Program

Scroll down to see a full description of individual workshops.

TIME SESSION SESSION SESSION SESSION
9:00-9:30 Breakfast and Registration [Adler Journalism Building Rotunda]
9:30-10:00 Introduction/Opening Remarks [Adler Journalism Building Auditorium E105]
10:15-11:45 Workshop 1 — Experiments
with Web-Based Multimedia Projects: Student Work with Omeka and Google Sites

David Tompkins, Carleton College
[Library 3092]
Workshop 2 — Leveraging
the Power of Games in the Classroom: Creating a Course Achievement System

Cody Reeves, The University of Iowa
[Adler W340]
Workshop 3 – Writing for Wikipedia: Using the Global Encyclopedia as a Pedagogical Tool
Björn Anderson, The University of Iowa
[Adler W336]
Workshop 4 – Virtual Worlds in Implementation and Practice: A Case Study of the OS Grid
James Elmborg, The University of Iowa
[Library 1015-A]
12:00-1:15 Roundtable 1 — Engaging
a Diverse Public through the Digital Classroom

Moderator: Nikki Dudley
Participants: Jacki Thompson Rand, Bridget Draxler, Jon Winet
[Adler Auditorium E105]
Roundtable 2 — Podcasts, Radio and Recording in the Classroom
Moderator: Christine Norquest
Participants: Omar Valerio-Jiménez, Noaquia Callahan, Sylvea Hollis, Jeff Porter
[Library 3083]
Roundtable 3 — Bringing Digital Archives and Research to the Classroom
Moderator: Kelly Thompson
Participants:
Stephen Voyce, Colleen Theisen, Bob Cargill
[Adler E120]
1:15-2:30 Lunch [Adler Journalism Building Rotunda]
2:30-4:00 Workshop 5 — Teaching through Public Writing and Social Media
Jennifer Shook, The University of Iowa
[Adler W336]
Workshop 6 — Recovering Strangeness: Teaching Against the Ahistorical Image
Jane Simonsen, Augustana College
[Adler E120]
Workshop 7 – Epic Geographies: HGIS Tools for the Humanities Classroom
Christopher Polt, Carleton College
[Library 1015-A]
Workshop 8 – Managing Course Websites: An Introduction to WordPress and the Logistics of Online Learning
Craig Carey, The University of Iowa
[Adler W340]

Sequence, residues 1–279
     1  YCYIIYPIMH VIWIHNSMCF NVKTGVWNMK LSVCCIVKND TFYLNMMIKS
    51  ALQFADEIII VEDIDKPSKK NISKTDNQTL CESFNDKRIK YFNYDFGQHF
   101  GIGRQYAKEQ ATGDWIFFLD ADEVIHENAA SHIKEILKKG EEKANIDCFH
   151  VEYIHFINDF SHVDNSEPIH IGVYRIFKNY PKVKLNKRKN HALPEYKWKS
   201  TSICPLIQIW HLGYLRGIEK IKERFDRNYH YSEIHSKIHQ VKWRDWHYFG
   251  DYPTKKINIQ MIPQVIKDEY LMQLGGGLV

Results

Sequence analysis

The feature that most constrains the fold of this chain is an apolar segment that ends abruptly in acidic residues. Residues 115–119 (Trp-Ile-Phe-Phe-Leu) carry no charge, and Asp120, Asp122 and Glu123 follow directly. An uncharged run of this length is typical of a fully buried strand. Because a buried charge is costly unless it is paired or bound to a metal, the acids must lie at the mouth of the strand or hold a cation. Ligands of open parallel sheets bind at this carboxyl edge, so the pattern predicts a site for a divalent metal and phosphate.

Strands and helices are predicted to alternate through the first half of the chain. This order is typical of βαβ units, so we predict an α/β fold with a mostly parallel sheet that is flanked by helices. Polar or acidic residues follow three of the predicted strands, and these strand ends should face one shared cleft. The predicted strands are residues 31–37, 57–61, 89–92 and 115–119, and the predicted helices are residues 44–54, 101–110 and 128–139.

4:15-4:45 Closing Remarks/Final Discussion [Adler Journalism Building Auditorium E105]

The following rooms are available for work / conversation / hacker space:
Library 2057 and 2058, 10:00am – 4:45pm
Adler E250, 8:30am – 3pm


 
WORKSHOP DESCRIPTIONS

Workshop 1 (Tompkins) – Experiments
with Web-Based Multimedia Projects: Student Work with Omeka and Google Sites

This workshop will start with a brief overview of the benefits and challenges of working with student websites as course projects. I will share examples from two of my first-year seminars, on music and politics, and on visual images and communism. We will then look at two user-friendly programs that enable the construction of web pages, Google Sites and Omeka, and experiment with building a basic site.

Workshop 2 (Reeves) — Leveraging the Power of Games in the Classroom: Creating a Course Achievement System

Among the more marked trends in society today is the steady expansion of the computer and video game industry.  Building upon the work of scholars who have examined the use of game design elements in non-game contexts, Cody Reeves and Ken Brown designed a course feedback system similar to those used by the location-based social networking site Foursquare and modern gaming consoles.  In this presentation, Cody will briefly introduce the principles of gaming that were incorporated into this achievement system, preview the system that was created, present the surprisingly positive feedback from students, and offer hands-on instruction for how to create a similar system.

If you are bringing your own laptop/tablet to this workshop, you will need to install Microsoft Word, Microsoft Excel, and Microsoft Outlook beforehand.  All participants will have access to computers with this software pre-installed.

This workshop will make use of these files: https://dl.dropbox.com/u/98858805/Reeves_Games.zip

Workshop 3 (Anderson) – Writing for Wikipedia: Using the Global Encyclopedia as a Pedagogical Tool

Wikipedia, the open online encyclopedia which anyone can edit, is among the most visited sources of information on the web.  With over 4 million articles in English, it has articles on nearly every topic the user can imagine.  The open nature of the site has made it the subject of criticism, of course, as it is patently and intentionally not the product of scholars or specialists but rather the general public.  Issues such as the quality of writing, accuracy of information, and ease of vandalism are highlighted by Wikipedia itself as problem areas, and the reliability of the site in regards to academic research has frequently and justifiably been called into question.  Even so, its popularity, coverage, and ease of access have made it an inescapable aspect of public  education and discourse.  In this workshop, we will explore the issues involved in engaging students as authors for Wikipedia, both positive and negative.  We will also discuss the practical pedagogy of the process.

This workshop will make use of these files: https://dl.dropbox.com/u/98858805/Anderson_Wiki.zip